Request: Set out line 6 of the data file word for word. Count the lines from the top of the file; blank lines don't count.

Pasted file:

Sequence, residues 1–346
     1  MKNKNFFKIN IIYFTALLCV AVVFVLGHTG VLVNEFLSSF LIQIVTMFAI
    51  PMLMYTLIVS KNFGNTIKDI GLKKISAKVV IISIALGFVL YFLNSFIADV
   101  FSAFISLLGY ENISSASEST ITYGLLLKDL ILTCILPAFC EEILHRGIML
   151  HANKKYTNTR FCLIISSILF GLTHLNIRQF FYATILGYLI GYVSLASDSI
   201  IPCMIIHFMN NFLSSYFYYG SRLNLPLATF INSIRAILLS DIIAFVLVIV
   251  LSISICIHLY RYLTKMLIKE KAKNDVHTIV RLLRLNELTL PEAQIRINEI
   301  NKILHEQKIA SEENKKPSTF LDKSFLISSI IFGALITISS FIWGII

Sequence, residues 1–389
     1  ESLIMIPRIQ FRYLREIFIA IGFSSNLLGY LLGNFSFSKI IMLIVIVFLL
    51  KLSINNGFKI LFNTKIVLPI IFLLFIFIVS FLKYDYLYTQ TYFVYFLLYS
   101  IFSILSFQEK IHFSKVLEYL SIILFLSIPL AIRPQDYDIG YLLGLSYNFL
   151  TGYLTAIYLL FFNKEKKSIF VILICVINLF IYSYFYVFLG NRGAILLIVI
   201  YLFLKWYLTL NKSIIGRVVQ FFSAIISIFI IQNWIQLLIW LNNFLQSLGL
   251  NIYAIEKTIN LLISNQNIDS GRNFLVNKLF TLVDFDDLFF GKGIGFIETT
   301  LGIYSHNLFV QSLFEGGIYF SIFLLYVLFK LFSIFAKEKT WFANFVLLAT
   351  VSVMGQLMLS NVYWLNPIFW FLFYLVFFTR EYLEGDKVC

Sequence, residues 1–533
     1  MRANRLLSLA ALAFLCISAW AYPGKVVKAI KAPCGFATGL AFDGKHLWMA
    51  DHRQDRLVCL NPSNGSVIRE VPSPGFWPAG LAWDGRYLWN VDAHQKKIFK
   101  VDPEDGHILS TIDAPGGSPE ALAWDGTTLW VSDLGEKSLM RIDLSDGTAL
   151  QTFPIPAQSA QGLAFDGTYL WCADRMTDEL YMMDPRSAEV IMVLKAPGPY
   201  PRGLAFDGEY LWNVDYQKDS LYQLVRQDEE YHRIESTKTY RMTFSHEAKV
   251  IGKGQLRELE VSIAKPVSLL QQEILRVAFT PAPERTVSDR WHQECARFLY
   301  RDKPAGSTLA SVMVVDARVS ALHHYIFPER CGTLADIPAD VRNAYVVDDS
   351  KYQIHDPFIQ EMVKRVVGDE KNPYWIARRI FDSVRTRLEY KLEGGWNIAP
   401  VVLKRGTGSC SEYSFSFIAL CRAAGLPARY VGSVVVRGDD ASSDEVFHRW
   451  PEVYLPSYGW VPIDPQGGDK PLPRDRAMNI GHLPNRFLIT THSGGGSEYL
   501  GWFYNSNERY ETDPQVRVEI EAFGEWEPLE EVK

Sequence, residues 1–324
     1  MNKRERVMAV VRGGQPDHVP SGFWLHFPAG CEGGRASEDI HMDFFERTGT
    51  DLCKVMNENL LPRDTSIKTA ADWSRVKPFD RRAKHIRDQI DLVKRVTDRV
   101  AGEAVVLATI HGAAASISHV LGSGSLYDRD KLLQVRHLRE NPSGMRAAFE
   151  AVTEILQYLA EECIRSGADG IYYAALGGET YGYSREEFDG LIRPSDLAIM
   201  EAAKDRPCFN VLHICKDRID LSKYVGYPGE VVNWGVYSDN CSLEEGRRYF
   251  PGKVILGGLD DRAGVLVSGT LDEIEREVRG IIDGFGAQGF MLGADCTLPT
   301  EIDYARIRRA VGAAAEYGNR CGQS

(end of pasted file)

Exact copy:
   201  IPCMIIHFMN NFLSSYFYYG SRLNLPLATF INSIRAILLS DIIAFVLVIV